Next year I will try to get pictures of the lavender hillside in our yard. The last two years it has been too weedy at lavender-blooming time.

Willows

We have three willows in the garden: one in the swamp and two in the cat garden area. The willow in the swamp is a black pussy willow, so I’m posting pictures of it from February that show its fuzz. I may add more recent photographs of that willow after I weed the area (but it is in February when it looks interesting). The pictures of the other two willows are from spring and summer.

I see some pruning in the future, especially for the two willows in the cat garden. Actually, I’m not super fond of the shape of the black pussy willow, so maybe sometimes I’ll prune it down too.

You can see other views of two of the willows in this recent post about the cat garden.

black pussy willow: Salix gracilistyla ‘Melanostachys’:

black pussy willow - Salix gracilistyla \'Melanostachys\' black pussy willow - Salix gracilistyla \'Melanostachys\'

purple willow: Salix purpurea Nana’:

purple willow - Salix purpurea Nana\' purple willow - Salix purpurea Nana\' purple willow - Salix purpurea Nana\'

golden curls corkscrew willow: Salix matsudana ‘Golden Curls’:

golden curls corkscrew willow - Salix matsudana \'Golden Curls\' golden curls corkscrew willow - Salix matsudana \'Golden Curls\' golden curls corkscrew willow - Salix matsudana \'Golden Curls\' golden curls corkscrew willow - Salix matsudana \'Golden Curls\' Diabolo ninebark - Physocarpus opulifolius \'Monlo\' and golden curls corkscrew willow - Salix matsudana \'Golden Curls\'  golden curls corkscrew willow - Salix matsudana \'Golden Curls\' golden curls corkscrew willow - Salix matsudana \'Golden Curls\'

purple willow: Salix purpurea ‘Nana’ and golden curls corkscrew willow: Salix matsudana ‘Golden Curls’:

purple willow - Salix purpurea \'Nana\' and golden curls corkscrew willow - Salix matsudana \'Golden Curls\'

variegated honeysuckle - Lonicera periclymenum 'Harlequin'

Three Honeysuckles

We have three regular honeysuckles in the yard and one evergreen honeysuckle. I will post pictures of the evergreen honeysuckle separately.

The purple-leaf honeysuckle is on the front of the house, and it bloomed in early June. The variegated honeysuckle and the late Dutch honeysuckle are both on the swing. The variegated honeysuckle bloomed in May, and the late Dutch honeysuckle is blooming right now (it has been blooming since June).

purple-leaf honeysuckle: Lonicera japonica ‘Purpurea’:

purple-leaf honeysuckle - Lonicera japonica \\'Purpurea\\' purple-leaf honeysuckle - Lonicera japonica \\'Purpurea\\' purple-leaf honeysuckle - Lonicera japonica \\'Purpurea\\'

variegated honeysuckle: Lonicera periclymenum ‘Harlequin’:

variegated honeysuckle - Lonicera periclymenum \\'Harlequin\\'variegated honeysuckle - Lonicera periclymenum \\'Harlequin\\' variegated honeysuckle - Lonicera periclymenum \\'Harlequin\\' variegated honeysuckle - Lonicera periclymenum \\'Harlequin\\'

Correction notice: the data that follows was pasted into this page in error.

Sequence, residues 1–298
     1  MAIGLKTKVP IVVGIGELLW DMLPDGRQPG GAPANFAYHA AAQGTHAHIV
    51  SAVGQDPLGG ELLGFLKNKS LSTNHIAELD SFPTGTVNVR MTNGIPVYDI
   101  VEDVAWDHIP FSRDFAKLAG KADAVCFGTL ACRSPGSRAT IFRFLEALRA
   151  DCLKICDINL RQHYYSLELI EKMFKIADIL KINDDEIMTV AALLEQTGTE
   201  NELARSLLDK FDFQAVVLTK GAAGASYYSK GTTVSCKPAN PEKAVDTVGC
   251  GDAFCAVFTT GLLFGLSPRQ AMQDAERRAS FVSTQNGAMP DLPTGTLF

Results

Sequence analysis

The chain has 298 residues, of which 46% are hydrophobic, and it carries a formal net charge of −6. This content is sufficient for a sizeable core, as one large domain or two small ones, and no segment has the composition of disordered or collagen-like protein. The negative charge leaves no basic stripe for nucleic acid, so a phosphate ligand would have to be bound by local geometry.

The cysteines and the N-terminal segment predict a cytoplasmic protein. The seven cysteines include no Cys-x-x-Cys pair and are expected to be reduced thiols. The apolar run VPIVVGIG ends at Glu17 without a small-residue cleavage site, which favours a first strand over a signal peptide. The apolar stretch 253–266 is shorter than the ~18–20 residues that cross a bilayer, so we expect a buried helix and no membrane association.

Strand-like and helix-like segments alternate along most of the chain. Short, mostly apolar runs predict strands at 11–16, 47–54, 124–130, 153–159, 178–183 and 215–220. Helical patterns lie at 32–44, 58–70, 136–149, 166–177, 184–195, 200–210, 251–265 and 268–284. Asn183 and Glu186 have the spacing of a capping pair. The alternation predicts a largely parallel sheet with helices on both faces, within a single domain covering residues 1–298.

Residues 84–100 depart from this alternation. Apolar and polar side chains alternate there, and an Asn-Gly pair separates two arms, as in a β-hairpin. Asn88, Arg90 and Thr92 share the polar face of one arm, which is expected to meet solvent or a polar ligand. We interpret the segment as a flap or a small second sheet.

late Dutch honeysuckle: Lonicera periclymenum ‘Serotina’:

late Dutch honeysuckle - Lonicera periclymenum \\'Serotina\\' late Dutch honeysuckle - Lonicera periclymenum \\'Serotina\\' late Dutch honeysuckle - Lonicera periclymenum \\'Serotina\\'late Dutch honeysuckle - Lonicera periclymenum \\'Serotina\\'

white variegated jasmine - Jasminum officinale 'Argenteovariegatum'

White-Variegated Jasmine

The white-variegated jasmine (Jasminum officinale ‘Argenteovariegatum’) suffered a little over the winter, but it bounced back quite nicely. The plant has the lovely jasmine scent and also has really interesting feathery foliage. These pictures are from mid-June and early July.

white variegated jasmine - Jasminum officinale 'Argenteovariegatum' white variegated jasmine - Jasminum officinale 'Argenteovariegatum' white variegated jasmine - Jasminum officinale 'Argenteovariegatum' white variegated jasmine - Jasminum officinale 'Argenteovariegatum' white variegated jasmine - Jasminum officinale 'Argenteovariegatum' white variegated jasmine - Jasminum officinale 'Argenteovariegatum' white variegated jasmine - Jasminum officinale 'Argenteovariegatum' white variegated jasmine - Jasminum officinale 'Argenteovariegatum'

five-leaf aralia - Eleutherococcus sieboldianus 'Variegatus'

Eleutherococcus sieboldianus ‘Variegatus’ (Five-Leaf Aralia)

I am using the Latin name as the title of this post–and boy is it a mouthful! I have read that Eleutherococcus sieboldianus ‘Variegatus’ is sometimes called five-fingered or five-leaf aralia. It is a little bit of an obscure plant, and maybe for that reason I will categorize it as “exotic” (something that I can’t do that often). I spotted this shrub at the nursery and loved the variegated foliage and thorns (yes I like thorns for some reason). I see online that it does bloom, but I don’t think I’ve ever seen it blooming (we’ve had it two years now).

five-leaf aralia - Eleutherococcus sieboldianus 'Variegatus' five-leaf aralia - Eleutherococcus sieboldianus 'Variegatus' five-leaf aralia - Eleutherococcus sieboldianus 'Variegatus'five-leaf aralia - Eleutherococcus sieboldianus 'Variegatus' five-leaf aralia - Eleutherococcus sieboldianus 'Variegatus' five-leaf aralia - Eleutherococcus sieboldianus 'Variegatus' five-leaf aralia - Eleutherococcus sieboldianus 'Variegatus'